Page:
A low density polyethylene, graded for blow-molding purposes, having a melt index of 0.3 and a density of 0.924 was fed into the extruder 3 wherein the polyethylene was heated and kneaded at temperatures of 180 to 280C. The cylinder of the extruder 3 had an inner diameter of 40 mm and an L/D ratio of 18.

The composite polymer parison of a triple-wall structure extruded from the extrusion apparatus was shaped into a cylindrical bottle having a volume of approximately 500 ml by a conventional blow-molding apparatus. The bottle was composed of an outer laminate of 0.118 mm, a medial laminate of 0.022 mm and an inner laminate of 0.142 mm, all in thickness.

The bonding strengths of the three polymer laminates are shown in Table I. As seen from Table I, the incorporation of the ethylene copolymers improves the bonding strength. Particularly, ethylene copolymers containing metal salts of acrylic or methacrylic acid are preferable. Optimum results are obtainable with zinc acrylate or methacrylate.

                                  Table I__________________________________________________________________________                      Bonding strength      Medial laminate (g/cm)Inner      (polyamide)+(ethylene                      Between                            Between    and            copolymer)                      outer medialSpeci-    outer          Comonomer                      and   andmen laminates      (% in   medial                            innerNo. (Polyolefin)   copolymer)                      laminates                            laminates__________________________________________________________________________1                  --      9.8   9.82                  Methacrylic                      18.1  21.3              acid (10)3                  Zinc *1 123.5 130.5              methacrylate4   Low            Sodium *2                      107.3 118.4    density        methacrylate5   poly-  Nylon-6 Lithium 67.8  74.9    ethylene       (10)6                  Acrylic 15.6  19.4              acid (10)7                  Zinc    98.9  81.7              acrylate (10)8                  Sodium  78.0  99.3              acrylate (10)9          Nylon-66              Zinc *1 119.0 113.3              methacrylate__________________________________________________________________________ Note: *1 Ionomer resin "Surlyn" A 1652, made by Du Pont, U. S. A. *2 Ionomer resin "Surlyn" A 1560, made by Du Pont, U. S. A.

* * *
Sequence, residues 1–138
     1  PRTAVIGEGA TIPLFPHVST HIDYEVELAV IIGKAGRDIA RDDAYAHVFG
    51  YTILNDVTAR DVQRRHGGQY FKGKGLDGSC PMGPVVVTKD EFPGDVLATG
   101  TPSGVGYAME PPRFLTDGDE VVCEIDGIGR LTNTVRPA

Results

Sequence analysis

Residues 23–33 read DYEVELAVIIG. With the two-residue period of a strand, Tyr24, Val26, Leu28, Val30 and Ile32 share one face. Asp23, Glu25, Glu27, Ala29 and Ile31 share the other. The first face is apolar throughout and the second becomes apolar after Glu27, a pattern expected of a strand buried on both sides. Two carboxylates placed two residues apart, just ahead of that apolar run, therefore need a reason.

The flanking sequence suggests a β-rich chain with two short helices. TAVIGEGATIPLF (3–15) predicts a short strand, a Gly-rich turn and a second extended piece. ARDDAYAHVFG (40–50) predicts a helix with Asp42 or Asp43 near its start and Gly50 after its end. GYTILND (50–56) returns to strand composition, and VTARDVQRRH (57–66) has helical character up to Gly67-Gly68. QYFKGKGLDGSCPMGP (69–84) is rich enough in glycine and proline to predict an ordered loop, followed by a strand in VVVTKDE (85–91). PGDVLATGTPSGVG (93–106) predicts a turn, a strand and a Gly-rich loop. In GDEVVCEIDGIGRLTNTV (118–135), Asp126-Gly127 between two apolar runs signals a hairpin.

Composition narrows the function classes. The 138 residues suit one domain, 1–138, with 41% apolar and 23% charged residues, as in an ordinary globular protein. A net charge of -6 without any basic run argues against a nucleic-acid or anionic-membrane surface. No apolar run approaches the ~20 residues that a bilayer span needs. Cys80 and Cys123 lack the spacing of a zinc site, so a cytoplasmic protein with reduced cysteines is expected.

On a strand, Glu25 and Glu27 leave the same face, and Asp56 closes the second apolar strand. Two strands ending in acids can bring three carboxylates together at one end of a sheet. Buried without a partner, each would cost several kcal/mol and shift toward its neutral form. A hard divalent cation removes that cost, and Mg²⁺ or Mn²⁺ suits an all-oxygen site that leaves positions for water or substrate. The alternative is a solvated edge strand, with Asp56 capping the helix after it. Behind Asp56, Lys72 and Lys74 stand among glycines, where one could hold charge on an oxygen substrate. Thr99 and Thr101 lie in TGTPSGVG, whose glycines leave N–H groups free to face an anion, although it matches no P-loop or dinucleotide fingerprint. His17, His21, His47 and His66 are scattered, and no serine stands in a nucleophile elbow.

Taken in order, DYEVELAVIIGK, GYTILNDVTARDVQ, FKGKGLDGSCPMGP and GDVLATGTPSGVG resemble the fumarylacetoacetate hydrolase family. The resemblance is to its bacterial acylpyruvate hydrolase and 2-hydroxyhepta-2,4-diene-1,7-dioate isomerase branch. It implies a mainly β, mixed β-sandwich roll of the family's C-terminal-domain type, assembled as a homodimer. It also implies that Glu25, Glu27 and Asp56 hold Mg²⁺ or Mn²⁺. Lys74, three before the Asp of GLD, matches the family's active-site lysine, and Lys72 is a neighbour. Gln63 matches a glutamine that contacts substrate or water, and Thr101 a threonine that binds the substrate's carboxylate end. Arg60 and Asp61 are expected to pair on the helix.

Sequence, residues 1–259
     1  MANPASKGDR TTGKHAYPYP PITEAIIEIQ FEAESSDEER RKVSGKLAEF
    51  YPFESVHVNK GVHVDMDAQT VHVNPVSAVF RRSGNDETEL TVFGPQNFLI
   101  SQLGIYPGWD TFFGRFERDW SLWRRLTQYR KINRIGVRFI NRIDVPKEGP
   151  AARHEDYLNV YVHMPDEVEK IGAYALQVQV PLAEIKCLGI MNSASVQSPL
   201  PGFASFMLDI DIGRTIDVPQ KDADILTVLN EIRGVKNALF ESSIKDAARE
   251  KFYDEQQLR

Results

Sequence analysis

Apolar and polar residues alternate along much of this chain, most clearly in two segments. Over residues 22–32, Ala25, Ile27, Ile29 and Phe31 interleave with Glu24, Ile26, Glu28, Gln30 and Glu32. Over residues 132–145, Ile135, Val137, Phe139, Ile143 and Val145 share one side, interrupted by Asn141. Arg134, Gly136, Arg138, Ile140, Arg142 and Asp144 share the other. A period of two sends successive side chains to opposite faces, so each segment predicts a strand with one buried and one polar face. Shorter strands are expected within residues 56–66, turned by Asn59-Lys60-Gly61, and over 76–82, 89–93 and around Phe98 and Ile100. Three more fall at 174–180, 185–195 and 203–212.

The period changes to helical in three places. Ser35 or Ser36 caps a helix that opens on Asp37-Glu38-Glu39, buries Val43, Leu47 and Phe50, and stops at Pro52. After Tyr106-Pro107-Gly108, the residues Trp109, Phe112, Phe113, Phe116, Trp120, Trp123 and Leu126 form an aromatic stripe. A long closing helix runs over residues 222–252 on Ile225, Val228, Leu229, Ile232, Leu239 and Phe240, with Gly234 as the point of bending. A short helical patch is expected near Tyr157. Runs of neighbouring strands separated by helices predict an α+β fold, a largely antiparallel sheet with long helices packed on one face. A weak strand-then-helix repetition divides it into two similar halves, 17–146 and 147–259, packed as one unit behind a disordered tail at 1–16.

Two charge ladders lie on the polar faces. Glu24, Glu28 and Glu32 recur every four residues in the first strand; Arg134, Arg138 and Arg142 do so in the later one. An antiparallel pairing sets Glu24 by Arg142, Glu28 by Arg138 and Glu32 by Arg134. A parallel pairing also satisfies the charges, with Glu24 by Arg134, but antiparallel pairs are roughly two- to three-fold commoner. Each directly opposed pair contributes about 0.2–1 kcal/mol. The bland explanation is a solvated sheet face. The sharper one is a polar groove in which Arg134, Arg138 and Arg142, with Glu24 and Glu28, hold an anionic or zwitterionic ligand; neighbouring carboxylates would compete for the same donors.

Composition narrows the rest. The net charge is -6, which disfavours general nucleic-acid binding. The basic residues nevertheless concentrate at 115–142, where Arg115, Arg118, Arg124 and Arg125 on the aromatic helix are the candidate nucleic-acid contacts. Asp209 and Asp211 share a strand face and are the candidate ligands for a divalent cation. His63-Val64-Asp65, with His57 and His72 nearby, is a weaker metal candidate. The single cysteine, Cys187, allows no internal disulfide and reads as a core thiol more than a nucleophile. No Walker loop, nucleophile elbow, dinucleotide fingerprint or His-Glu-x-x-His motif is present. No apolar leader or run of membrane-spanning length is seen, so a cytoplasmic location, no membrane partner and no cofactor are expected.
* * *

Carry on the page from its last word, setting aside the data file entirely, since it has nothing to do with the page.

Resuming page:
EXAMPLE 2

Nylon-6 similar to that used in Example 1 was dryblended with an ethylene copolymer containing zinc methacrylate, graded for general molding purposes having a melt index of 4.4 and a density of 0.94 (Ionomer resin "Surlyn" A 1652, made by Du Pont) in various proportions as shown in Table 2 to form a granular mixture.

Using the extruding apparatus identical to that of Example 1 and following a procedure similar to that of Example 1, triple-walled cylindrical bottles of approximately 500 ml volume were manufactured from the above-mentioned nylon-6 mixture and a high density polyethylene, graded for blow-molding purposes, having a melt index of 0.3 and a density of 0.945. The bottles were comprised of an outer polyethylene laminate of 0.288 mm thickness, a medial nylon-6 mixture laminate of 0.055 mm thickness and an inner polyethylene laminate of 0.230 mm thickness.

Bodning strength between the laminates of each bottle was tested. Results are shown in Table II.

              Table II______________________________________        Bonding strength (g/cm)  Amount of   Between outer                           Between medialSpecimen  "Surlyn" A  and medial   and innerNo.    (%)         laminates    laminates______________________________________1       0          9.8          9.82       3          28.0         25.43       5          32.4         39.14      10          52.8         55.65      20          63.4         78.36      30          97.5         101.37      40          120.1        123.5______________________________________

As seen from Table II, bond strength increases with an increase in the amount of the ethylene copolymer to be blended with polyamide. The bottles had a bond strength sufficiently high for practical use, except for specimen No. 1. For example, when six bottles (specimen No. 2 through 7), each of which was filled with water and covered with a cap, were dropped from a height of 2 m, neither damage nor separation of the laminates was observed. Even when the bottles were dipped in a 30 to 80C water bath, little or no reduction in bond strength was observed.